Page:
The active ingredient had to be zinc oxide, of course. Most of the ‘screens we were testing used either zinc or titanium dioxide as their active ingredients, and many relied on a mix of the two. Zinc oxide is the only one that has been tested to be safe on infants, however – it’s the same thing that makes most diaper creams both white and effective.
At the time, Melansol and Kabana were the only two brands that fit the bill, and Kabana had fewer and cleaner ingredients (plus the eucalyptus oil in the Melansol gave my aunt a wheezing attack, quickly X-ing it off my short list!). I gave her our tube of Kabana and told her to keep it, and ever since, Kabana has remained my top choice.
Zinc Oxide Only Options
In the years since 2010, many other brands have formulated using only zinc oxide, so the options are a bit wider now.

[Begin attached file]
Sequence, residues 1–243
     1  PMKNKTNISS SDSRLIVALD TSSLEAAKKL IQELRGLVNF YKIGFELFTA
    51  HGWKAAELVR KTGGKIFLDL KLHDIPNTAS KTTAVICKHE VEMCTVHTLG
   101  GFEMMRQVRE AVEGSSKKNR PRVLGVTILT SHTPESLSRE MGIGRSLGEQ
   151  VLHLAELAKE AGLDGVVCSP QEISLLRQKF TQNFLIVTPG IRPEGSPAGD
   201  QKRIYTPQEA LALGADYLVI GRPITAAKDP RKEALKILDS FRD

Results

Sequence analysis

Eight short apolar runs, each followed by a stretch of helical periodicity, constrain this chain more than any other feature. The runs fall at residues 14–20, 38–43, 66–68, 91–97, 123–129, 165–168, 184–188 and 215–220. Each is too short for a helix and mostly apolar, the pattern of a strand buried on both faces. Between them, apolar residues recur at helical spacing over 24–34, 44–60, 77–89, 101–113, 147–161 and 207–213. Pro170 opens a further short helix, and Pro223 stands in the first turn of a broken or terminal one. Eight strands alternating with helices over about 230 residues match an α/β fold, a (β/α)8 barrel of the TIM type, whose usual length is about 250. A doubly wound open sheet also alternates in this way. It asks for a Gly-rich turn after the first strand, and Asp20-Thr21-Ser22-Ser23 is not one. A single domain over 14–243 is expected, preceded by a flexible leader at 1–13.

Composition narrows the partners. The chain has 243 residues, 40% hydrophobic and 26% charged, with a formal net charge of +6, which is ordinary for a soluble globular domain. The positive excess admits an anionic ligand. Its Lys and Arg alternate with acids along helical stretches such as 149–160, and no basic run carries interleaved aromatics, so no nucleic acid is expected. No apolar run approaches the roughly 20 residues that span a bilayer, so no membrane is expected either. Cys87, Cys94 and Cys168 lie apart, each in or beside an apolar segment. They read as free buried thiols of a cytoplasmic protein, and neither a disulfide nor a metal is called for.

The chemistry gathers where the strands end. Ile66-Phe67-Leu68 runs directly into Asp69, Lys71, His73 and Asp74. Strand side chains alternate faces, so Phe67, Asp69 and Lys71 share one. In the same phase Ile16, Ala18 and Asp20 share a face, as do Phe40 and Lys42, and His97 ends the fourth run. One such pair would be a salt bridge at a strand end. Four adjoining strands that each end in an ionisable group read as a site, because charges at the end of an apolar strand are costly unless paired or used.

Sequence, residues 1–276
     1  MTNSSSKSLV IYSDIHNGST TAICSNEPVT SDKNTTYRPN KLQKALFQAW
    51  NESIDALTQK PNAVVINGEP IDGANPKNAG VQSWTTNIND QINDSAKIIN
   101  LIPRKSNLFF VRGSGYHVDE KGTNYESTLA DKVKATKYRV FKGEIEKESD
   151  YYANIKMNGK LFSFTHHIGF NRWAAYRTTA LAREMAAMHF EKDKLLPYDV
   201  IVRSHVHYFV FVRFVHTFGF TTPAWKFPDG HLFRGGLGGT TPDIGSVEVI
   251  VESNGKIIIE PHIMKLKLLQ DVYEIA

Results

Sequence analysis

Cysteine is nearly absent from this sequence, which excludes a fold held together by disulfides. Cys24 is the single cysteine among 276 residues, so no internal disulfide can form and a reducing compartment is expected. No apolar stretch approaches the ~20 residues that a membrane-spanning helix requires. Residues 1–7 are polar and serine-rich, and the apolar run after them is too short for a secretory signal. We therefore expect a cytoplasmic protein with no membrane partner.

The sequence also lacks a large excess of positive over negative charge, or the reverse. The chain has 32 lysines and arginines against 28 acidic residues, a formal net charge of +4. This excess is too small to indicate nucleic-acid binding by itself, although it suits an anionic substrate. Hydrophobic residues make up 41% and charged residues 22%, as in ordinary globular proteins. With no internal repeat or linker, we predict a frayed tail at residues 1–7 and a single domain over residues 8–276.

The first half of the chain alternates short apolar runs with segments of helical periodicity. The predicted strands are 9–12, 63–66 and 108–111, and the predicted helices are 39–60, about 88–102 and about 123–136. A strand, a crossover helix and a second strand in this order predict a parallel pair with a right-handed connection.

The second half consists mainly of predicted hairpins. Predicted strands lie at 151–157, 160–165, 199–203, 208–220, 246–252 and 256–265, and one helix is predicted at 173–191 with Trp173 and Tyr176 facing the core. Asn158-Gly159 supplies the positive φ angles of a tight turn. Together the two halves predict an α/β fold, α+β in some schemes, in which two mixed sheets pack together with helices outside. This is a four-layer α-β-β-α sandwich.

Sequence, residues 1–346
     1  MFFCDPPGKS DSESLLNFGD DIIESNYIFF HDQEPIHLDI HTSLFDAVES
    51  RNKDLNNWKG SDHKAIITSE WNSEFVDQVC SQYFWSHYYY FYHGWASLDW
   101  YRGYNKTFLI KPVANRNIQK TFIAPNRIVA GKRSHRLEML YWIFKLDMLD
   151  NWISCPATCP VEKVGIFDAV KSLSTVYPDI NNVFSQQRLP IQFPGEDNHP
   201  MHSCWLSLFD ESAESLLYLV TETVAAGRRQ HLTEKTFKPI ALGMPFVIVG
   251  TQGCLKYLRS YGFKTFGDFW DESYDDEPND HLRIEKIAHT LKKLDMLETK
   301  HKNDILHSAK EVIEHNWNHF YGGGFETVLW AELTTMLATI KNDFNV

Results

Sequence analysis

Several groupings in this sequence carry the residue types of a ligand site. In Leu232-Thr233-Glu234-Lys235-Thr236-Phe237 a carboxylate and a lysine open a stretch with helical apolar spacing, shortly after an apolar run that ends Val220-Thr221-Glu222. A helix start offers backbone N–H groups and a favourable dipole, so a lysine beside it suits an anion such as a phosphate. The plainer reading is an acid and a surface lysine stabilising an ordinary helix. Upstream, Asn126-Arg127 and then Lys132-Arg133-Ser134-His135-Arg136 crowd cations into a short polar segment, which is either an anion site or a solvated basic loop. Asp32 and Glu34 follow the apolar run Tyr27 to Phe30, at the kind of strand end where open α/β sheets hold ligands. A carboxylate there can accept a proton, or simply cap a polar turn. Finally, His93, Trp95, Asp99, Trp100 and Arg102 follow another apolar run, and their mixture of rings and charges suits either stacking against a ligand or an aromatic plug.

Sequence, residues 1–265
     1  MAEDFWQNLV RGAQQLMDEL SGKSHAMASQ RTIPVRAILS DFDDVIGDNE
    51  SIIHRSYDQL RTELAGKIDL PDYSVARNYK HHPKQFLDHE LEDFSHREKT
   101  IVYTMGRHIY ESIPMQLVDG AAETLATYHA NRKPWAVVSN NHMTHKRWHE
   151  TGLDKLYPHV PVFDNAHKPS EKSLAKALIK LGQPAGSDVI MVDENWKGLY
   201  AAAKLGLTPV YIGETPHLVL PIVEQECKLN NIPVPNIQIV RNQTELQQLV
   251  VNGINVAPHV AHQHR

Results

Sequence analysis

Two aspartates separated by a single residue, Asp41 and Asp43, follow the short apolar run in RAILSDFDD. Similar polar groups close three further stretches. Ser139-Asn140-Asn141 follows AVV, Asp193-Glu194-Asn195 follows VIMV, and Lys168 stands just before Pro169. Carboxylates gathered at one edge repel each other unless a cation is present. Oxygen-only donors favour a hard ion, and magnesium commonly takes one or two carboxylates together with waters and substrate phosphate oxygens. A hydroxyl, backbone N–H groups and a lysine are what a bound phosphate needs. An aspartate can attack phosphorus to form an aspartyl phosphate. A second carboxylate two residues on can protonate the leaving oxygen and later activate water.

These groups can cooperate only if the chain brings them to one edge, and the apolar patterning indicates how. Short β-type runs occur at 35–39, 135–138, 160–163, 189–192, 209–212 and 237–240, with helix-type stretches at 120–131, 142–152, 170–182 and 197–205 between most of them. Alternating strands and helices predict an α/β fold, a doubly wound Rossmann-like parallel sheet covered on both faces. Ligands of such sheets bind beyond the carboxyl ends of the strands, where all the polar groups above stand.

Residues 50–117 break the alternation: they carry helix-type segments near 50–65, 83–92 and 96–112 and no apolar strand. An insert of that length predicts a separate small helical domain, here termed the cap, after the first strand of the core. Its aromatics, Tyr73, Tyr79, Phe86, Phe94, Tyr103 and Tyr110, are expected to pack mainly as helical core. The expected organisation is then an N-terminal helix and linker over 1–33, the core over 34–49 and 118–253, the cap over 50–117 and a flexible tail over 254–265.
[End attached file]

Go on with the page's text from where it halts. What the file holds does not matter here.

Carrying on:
If you’re wondering whether a tube of sunscreen in your home would be safe for tiny babes, here are some recommendations to assess:
- The only active ingredient should be zinc oxide.
- The “other ingredients” should be things you recognize, not strange, long chemical names and especially not parabens.
- There should be some antioxidants, the more the better: carrot oil, Vitamin E, green tea, sunflower oil, shea butter, and more.
- Essential oils can be tricky for infants safety-wise, so I’d actually recommend none of those, just to be on the safe side.
- The zinc oxide needs to be NON NANO and UNCOATED. See more below.
Zinc Oxide = Free Radicals??? You’re Kidding Me!
I was visibly upset when I read an email newsletter this spring about the dangers of sunscreen and health benefits of sunshine. I agree with all that – but this company was saying that even mineral sunscreens are dangerous, and made this claim, without citation:
Research shows that zinc oxide sunscreens “potentially generate free radicals upon sun exposure.”
That’s what I have been saying about chemical sunscreens for years but I hadn’t heard it about zinc, and I was ticked off. A little more digging (thankfully) eased my mind.
The citation should have been from Dr. Yinfa Ma’s 2009 research out of Missouri S&T, which did find exactly those results.